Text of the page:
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The Strategic Partnership Cooperation Framework (SPCF) 2017-2021 is the fourth strategic medium-term cooperation framework for Eritrea. It outlines the collective vision and shared response of United Nations agencies in Eritrea to the National Indicative Development Plan (NIDP) 2014-2018 and responds directly to the goals of the National Charter of the People’s Front for Democracy and Justice (PFDJ) to advance Eritrea’s sustainable development agenda and to the achievement of the Sustainable Development Goals (SDGs).
International Conference on Eritrean Studies held in Asmara
This Strategic Partnership Cooperation Framework (SPCF) has prioritised five strategic areas for interventions and cooperation. These have been further elaborated into thematic response, and outcome areas. The strategic priority areas are: 1) Basic Social Services; 2) National Capacity Development; 3) Food Security and Sustainable Livelihoods; 4) Environmental Sustainability;
UN in Eritrea finalizes Mid Term Review (MTR) for the current Strategic Partnership Cooperation Framework (SPCF) in preparation for the new SPCF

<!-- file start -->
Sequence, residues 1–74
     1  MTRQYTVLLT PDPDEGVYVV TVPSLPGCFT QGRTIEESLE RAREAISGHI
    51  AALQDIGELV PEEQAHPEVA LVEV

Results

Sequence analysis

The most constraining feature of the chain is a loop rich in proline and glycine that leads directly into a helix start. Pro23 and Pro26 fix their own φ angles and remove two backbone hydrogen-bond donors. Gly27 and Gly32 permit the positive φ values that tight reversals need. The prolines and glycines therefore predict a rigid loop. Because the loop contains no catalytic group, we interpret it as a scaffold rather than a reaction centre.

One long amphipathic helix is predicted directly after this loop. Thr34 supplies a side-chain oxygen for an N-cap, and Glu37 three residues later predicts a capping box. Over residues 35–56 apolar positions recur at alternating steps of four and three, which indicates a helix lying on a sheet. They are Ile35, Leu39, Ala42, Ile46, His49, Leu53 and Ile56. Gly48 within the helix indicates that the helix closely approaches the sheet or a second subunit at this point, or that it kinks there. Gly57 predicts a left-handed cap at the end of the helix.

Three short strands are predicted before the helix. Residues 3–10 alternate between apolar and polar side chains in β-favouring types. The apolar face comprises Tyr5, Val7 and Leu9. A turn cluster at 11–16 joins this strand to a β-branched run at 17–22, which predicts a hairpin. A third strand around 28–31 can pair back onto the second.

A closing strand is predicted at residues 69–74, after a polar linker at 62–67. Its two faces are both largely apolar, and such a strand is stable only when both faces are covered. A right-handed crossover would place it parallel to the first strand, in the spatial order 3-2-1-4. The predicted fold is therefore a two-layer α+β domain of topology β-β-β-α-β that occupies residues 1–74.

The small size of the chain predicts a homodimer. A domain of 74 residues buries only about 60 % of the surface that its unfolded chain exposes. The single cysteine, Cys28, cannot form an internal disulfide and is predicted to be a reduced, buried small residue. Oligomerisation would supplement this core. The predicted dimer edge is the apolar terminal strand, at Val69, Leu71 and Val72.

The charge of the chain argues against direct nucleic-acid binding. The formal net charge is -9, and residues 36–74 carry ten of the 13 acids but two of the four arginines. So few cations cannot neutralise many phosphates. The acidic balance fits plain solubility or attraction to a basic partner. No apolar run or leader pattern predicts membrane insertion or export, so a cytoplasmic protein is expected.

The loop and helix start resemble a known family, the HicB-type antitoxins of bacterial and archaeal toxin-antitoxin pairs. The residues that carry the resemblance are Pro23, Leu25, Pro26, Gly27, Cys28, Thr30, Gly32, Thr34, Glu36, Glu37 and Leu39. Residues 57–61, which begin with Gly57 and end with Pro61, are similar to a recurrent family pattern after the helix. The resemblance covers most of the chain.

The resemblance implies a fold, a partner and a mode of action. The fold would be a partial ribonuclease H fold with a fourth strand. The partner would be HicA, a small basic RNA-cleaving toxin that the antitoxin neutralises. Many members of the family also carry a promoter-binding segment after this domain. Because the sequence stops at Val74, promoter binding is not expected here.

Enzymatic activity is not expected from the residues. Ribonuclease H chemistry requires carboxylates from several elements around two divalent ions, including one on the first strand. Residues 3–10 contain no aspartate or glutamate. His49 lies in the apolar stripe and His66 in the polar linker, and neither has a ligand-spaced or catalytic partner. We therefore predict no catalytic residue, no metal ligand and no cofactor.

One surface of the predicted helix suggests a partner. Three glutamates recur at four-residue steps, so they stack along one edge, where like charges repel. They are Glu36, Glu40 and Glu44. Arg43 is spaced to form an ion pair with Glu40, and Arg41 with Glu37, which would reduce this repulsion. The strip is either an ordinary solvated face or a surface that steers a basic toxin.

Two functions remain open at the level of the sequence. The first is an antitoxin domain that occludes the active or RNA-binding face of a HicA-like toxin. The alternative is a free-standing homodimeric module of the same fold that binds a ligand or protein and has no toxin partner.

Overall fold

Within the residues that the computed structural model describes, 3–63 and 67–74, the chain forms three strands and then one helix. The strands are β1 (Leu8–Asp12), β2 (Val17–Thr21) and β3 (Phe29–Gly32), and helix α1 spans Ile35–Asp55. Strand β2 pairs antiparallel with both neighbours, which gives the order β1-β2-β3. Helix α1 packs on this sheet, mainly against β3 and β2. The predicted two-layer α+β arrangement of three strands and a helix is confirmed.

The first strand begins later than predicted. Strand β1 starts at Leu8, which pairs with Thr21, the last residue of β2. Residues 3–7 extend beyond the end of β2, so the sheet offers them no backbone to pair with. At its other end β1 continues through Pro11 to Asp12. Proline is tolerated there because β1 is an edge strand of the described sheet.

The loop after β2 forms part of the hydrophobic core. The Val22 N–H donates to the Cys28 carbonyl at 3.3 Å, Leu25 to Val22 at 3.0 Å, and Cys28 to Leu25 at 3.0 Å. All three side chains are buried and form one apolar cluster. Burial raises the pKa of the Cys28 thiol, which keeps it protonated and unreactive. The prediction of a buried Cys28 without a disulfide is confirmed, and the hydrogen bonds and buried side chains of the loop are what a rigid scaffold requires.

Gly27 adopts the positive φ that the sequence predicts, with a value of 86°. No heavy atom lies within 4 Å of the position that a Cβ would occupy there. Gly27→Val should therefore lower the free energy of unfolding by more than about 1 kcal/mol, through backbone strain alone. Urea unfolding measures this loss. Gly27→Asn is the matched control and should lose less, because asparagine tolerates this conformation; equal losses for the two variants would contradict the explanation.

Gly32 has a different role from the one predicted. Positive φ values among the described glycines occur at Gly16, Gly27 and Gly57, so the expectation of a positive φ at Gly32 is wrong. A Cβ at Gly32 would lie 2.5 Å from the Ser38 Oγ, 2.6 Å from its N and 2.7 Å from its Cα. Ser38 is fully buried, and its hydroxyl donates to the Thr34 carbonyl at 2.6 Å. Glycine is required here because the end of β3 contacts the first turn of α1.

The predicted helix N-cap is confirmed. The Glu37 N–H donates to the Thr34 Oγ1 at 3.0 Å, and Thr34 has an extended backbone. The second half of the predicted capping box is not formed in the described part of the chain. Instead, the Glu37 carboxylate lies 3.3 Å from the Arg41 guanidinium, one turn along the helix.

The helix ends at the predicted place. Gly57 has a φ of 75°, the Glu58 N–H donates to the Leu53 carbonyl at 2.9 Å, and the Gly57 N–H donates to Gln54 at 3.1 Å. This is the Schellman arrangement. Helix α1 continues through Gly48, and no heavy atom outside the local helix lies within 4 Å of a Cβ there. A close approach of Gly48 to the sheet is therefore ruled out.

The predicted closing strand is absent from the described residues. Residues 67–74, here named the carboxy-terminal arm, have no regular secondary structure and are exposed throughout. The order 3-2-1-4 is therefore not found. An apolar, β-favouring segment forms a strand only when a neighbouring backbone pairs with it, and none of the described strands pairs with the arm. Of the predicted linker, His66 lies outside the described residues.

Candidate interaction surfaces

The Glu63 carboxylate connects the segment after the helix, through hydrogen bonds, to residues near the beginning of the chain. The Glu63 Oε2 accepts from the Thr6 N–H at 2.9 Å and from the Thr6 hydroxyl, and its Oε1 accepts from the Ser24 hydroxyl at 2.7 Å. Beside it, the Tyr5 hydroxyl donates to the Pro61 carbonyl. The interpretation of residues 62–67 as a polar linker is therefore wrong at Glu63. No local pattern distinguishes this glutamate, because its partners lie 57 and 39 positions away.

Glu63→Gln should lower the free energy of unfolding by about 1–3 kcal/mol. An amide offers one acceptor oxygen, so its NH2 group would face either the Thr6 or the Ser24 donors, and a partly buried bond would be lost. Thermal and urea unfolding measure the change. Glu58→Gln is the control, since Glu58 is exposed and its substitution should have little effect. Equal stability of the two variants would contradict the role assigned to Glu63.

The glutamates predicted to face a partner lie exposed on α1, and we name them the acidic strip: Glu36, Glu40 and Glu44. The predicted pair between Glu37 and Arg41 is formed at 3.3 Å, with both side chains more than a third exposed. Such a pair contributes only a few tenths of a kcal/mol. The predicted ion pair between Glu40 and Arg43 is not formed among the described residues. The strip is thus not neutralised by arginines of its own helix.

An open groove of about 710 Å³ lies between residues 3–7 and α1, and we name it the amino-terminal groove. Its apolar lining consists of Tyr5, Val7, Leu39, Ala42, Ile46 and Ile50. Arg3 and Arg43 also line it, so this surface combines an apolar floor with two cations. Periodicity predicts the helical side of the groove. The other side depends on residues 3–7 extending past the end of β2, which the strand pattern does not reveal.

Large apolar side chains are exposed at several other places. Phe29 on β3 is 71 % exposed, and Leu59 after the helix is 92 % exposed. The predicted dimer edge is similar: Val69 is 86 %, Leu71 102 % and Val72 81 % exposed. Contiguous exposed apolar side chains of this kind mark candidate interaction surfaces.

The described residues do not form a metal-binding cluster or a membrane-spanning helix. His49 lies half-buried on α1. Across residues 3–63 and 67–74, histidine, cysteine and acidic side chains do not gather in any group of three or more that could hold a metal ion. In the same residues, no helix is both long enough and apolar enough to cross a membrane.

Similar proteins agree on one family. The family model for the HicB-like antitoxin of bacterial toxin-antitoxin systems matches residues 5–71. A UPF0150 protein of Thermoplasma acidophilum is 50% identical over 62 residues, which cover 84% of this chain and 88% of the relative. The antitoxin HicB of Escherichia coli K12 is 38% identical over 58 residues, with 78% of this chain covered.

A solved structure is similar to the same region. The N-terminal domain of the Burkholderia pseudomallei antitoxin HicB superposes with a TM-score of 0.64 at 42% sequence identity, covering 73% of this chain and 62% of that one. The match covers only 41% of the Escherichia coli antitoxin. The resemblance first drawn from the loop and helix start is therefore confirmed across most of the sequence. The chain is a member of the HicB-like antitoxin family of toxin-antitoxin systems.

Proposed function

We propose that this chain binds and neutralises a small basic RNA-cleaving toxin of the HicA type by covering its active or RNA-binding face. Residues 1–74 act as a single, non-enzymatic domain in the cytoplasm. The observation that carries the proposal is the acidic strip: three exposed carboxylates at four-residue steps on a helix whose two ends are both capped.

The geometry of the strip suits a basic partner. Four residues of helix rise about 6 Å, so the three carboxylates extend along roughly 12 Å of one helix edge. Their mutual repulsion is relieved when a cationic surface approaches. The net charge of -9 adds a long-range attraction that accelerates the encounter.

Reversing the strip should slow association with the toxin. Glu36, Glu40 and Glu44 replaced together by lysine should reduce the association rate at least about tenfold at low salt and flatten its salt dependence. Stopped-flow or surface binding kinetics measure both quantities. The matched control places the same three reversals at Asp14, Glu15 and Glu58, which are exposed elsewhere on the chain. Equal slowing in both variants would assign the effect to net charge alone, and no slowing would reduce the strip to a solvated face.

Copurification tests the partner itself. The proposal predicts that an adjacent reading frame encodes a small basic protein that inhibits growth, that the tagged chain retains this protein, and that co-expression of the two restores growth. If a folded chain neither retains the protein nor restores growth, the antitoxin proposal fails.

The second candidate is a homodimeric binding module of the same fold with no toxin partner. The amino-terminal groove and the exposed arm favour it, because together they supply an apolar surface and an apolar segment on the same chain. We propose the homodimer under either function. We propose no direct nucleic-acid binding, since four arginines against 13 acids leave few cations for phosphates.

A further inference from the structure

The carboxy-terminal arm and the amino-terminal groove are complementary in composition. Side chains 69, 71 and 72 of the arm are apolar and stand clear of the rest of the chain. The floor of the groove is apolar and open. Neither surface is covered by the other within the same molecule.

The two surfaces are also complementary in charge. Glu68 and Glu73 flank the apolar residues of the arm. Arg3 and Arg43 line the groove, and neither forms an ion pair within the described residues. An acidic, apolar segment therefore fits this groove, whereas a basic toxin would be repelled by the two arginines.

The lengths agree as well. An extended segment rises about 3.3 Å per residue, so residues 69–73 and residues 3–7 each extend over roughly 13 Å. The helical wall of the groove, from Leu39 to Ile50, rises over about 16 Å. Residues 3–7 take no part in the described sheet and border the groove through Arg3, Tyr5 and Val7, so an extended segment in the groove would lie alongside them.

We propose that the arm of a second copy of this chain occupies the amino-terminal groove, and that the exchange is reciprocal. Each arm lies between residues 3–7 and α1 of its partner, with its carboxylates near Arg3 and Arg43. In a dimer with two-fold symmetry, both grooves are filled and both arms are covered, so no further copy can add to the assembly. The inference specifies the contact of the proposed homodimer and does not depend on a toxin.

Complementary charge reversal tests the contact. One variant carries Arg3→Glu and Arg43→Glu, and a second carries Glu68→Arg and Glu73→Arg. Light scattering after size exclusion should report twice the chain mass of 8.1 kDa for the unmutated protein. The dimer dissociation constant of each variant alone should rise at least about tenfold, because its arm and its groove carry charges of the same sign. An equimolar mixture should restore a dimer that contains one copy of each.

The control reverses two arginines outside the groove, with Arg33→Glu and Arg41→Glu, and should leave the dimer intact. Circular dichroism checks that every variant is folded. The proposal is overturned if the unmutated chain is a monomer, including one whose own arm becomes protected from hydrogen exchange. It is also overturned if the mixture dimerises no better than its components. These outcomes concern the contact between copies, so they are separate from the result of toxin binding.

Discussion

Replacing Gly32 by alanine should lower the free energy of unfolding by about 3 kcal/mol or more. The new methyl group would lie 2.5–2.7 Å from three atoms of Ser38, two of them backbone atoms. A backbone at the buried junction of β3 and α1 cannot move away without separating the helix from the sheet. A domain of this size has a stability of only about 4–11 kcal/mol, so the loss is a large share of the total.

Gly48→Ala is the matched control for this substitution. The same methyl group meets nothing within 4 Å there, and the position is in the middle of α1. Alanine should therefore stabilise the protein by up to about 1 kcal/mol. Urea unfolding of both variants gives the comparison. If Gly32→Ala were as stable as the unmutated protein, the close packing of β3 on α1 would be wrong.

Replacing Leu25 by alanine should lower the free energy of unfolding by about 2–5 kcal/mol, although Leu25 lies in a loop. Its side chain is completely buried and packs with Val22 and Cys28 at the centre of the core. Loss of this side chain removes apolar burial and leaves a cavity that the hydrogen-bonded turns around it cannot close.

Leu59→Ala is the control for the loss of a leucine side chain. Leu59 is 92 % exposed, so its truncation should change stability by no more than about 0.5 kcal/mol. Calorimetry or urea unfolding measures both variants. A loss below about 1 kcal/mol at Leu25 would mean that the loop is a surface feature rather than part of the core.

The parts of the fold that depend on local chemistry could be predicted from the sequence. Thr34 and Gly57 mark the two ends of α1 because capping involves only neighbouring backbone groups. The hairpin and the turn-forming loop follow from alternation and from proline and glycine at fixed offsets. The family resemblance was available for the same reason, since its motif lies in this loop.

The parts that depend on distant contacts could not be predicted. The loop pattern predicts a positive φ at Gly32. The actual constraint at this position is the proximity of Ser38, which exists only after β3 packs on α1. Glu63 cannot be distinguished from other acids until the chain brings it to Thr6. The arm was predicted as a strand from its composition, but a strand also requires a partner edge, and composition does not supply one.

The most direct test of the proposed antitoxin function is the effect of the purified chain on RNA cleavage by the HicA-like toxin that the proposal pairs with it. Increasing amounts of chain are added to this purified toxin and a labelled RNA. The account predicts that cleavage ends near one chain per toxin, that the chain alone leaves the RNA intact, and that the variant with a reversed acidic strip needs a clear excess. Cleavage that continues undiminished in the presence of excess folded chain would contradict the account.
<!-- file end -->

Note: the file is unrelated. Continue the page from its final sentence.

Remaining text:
Asmara, Eritrea, June 24, 2009- Following the invitation of the Government of Eritrea, a high level delegation from United Nations Environment Programme (UNEP) regional office for Africa is conducting three days visit to Eritrea.
The purpose of the visit is to strengthen the existing cooperation and to discuss with the government further areas of support.
The UNEP mission to Eritrea is led by Mr. Mounkaila Goumandakoye, Director and Representative UNEP's regional office for Africa accompanied by Mr.
The United Nations Country Team in Eritrea today appealed for $87.3 million to address priority humanitarian needs for the more than 1.1 million war-affected Eritreans through the end of the year 2000.
July - December 2000
Twenty months have passed since the outbreak of the border conflict between Eritrea and Ethiopia in May 1998. Although there has been no fighting reported for the last several months, tension along the border remains very high, preventing displaced people from returning to their places of origin.